Accessible and Inclusive Parks: Eli’s Park Project and Cayton Corner Park Show What’s Possible

Parenting her young son Eli, who was born with Down syndrome, was both a joy and a revelation for Paige Reischl.

“It just expanded my thinking about inclusion and what it means to be included,” says Reischl. “We met families who have kids with disabilities and parents of typically developing kids who have chosen that school because they believe in inclusion. It’s a compassionate group of people who are making sure their children have interactions with a diverse group of people.”

A remarkably open and loving child, Eli was almost four years old when the family lost him in August 2017.

Eli Reischl, the inspiration behind Eli’s Park Project.

Soon after, Eli’s family and the community that rallied around them launched Eli’s Park Project at Burke-Gilman Playground in Seattle’s Bryant neighborhood. The project aims to create an “inclusive, nature-based park space where people of all ages and abilities can find play and peace,” according to Reischl. “We thought, ‘Let’s keep this spirit of inclusion alive.’”

The park is close to Seattle Children’s Hospital and connected by a footpath to the Burke-Gilman Trail and Ronald McDonald House. Nearby are the PROVAIL Apartments for adults with disabilities, two other affordable housing developments, and an inclusive preschool. But the park is not accessible to many of the people who live in or frequent the area, says Reischl. The play area is covered in wood chips, the grassy field is prone to swampiness, sightlines are obscured, and there is no barrier to busy Sand Point Way.

Reischl and the Friends of Eli’s Park at Burke-Gilman Playground are stepping up community outreach and recruiting people to attend planning meetings and join their leadership team.

“There are specific groups of people being excluded from the outdoors who are all situated right here, so those have to be the people who are actually planning the park,” says Reischl. “They know best, of course, what would make a park better for them.”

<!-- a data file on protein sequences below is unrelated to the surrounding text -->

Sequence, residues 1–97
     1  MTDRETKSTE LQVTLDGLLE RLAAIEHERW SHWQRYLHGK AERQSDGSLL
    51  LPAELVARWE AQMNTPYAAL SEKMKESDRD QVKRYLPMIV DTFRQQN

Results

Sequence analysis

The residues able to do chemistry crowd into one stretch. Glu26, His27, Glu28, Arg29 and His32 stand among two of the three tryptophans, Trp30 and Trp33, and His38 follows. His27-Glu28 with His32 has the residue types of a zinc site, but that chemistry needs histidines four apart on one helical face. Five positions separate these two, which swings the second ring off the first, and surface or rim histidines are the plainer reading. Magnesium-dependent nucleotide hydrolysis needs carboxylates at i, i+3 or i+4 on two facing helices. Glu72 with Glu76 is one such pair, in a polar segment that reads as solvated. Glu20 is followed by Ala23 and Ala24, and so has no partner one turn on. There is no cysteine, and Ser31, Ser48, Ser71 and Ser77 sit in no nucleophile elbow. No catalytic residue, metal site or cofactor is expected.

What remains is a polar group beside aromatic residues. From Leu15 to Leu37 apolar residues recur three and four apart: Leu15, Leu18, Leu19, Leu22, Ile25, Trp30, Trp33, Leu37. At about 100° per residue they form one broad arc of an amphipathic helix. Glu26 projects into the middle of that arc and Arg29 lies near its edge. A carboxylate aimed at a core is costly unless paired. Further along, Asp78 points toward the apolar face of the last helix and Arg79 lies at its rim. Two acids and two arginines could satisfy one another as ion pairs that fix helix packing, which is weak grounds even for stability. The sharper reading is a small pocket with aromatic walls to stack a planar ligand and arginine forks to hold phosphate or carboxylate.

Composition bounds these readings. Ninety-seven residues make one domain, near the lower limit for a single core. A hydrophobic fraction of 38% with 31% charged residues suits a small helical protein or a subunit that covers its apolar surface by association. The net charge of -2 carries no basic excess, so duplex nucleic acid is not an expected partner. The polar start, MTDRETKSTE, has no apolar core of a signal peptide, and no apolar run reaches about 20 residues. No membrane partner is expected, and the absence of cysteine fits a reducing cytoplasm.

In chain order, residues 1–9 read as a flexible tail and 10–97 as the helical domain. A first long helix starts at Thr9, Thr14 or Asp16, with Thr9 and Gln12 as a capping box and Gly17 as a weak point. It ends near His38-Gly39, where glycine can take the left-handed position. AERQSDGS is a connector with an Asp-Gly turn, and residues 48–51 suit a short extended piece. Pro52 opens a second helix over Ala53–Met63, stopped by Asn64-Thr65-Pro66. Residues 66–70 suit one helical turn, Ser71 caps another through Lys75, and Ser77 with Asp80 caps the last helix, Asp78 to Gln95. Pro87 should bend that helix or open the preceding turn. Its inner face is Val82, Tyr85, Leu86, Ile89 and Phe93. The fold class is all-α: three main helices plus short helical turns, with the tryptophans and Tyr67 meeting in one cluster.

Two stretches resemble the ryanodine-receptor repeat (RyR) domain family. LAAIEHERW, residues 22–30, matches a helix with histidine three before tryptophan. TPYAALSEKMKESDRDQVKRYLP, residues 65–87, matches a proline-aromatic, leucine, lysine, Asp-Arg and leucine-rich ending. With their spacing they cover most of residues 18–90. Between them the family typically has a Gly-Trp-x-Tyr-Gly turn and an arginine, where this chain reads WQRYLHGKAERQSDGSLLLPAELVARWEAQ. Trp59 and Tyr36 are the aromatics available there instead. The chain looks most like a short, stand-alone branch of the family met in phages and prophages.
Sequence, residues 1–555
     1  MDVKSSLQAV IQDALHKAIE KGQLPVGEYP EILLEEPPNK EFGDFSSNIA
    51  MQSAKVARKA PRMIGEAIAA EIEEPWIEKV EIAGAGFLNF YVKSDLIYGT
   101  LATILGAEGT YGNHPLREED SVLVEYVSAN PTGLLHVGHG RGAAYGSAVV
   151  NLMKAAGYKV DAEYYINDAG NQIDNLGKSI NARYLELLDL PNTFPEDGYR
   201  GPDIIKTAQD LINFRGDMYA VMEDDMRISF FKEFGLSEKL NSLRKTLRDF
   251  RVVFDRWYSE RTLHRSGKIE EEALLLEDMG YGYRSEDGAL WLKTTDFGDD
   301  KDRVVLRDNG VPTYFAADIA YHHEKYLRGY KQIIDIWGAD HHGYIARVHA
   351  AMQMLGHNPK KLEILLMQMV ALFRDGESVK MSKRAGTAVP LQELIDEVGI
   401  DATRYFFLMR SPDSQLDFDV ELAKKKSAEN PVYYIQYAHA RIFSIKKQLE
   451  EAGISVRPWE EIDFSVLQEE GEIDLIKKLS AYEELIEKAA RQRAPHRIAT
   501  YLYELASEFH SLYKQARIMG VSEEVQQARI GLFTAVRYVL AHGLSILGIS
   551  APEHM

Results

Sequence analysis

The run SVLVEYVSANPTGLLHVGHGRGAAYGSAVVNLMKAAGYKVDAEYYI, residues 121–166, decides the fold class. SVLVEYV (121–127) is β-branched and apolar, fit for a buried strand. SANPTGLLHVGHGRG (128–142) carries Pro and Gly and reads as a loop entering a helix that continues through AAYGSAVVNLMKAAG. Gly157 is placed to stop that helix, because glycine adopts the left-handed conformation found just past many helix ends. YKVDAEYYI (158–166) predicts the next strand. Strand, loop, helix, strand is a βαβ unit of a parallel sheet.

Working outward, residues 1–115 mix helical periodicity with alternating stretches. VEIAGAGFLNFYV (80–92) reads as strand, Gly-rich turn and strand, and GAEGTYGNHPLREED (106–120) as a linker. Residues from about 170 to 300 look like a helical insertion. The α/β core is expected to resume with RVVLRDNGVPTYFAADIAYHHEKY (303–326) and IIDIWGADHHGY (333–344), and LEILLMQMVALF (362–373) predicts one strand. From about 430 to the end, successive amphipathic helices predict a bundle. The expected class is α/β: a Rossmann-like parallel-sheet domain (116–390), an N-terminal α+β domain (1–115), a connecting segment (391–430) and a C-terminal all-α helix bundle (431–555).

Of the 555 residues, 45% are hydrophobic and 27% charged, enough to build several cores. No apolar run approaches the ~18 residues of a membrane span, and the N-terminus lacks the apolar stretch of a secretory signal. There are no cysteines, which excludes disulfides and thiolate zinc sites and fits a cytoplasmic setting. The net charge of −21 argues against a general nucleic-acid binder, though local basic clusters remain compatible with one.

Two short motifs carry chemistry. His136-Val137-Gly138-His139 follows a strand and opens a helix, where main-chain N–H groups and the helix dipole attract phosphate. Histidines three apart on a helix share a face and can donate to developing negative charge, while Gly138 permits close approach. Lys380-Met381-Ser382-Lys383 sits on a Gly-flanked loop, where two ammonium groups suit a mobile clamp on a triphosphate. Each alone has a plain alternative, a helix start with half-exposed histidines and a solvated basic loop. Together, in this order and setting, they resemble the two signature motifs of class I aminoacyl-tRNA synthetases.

The project leads are applying for a grant that would allow them to hire landscape architects and enter the design planning phase. Smooth, accessible surfaces are essential—and costly—so Reischl and friends are brainstorming about fundraising. She is adamant that Eli’s Park not be just a tribute to one little boy’s generous spirit.

“It’s for everyone,” she says. “If we can know and learn from and love people who are different from ourselves, that benefits everyone.”

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After Seattle Parks and Recreation purchased a vacant triangular lot at 19th and East Madison in 2011, the space remained underdeveloped and underused. Then a group of parents from the nearby Hearing, Speech & Deaf Center (HSDC) and Seattle Amistad School decided to plant trees, mow grass, and install play equipment.

“We got a call from Parks and Rec saying, ‘Hey, we notice there’s been some activity on that land. Who’s been working on that?’” says Lindsay Klarman, executive director of HSDC. “And I said, ‘Um, well, it’s us.’ I thought we were going to get yelled at because we’d been out there being rogue. Instead, they said, ‘Hey, we’ve been trying to figure out a great way to reengage the community. How do we do that?’”

Located on densely populated Capitol Hill, Cayton Corner Park is within a few blocks of more than a dozen nonprofit organizations, the Aegis Living senior assisted living facility, three grocery stores, 96 units of affordable or transitional housing, and Mount Zion Baptist Church. The park will be modest in size, but the plan is to create a powerful model of accessibility, with a sensory garden, ADA-accessible tables, and artistically designed safety fencing.

Volunteers at Cayton Corner Park.

“We want to create a space to have our community join together at various times of the day and for various activities,” says Klarman. “Children who are deaf or hard of hearing should be able to come out and play with their peers and sign to each other, with an open space that is visually accessible. A place where seniors from Aegis can have a sandwich with a friend or interact with some of the kiddos who are in the park.”

All that for a target budget of $300,000—a third of which HSDC and the community aim to raise themselves.

Eli Reischl was a client of HSDC, and Klarman has been working with Paige Reischl to build a network of people dedicated to making Seattle’s open spaces more accessible and inclusive. As the fiscal sponsor for both Cayton Corner Park and Eli’s Park Project, Seattle Parks Foundation is working with Klarman and Reischl to ensure that they have the administrative, financial, fundraising, communications, and advocacy support they need for their efforts to succeed.

“Build it and they will come,” says Klarman. “You don’t necessarily know that people with a need for accessibility are in your community when there’s nowhere for them to go.”

Click here to support Eli’s Park Project.

Click here to support Friends of Cayton Corner Park.

Click here to read the full version of our Spring 2018 Newsletter.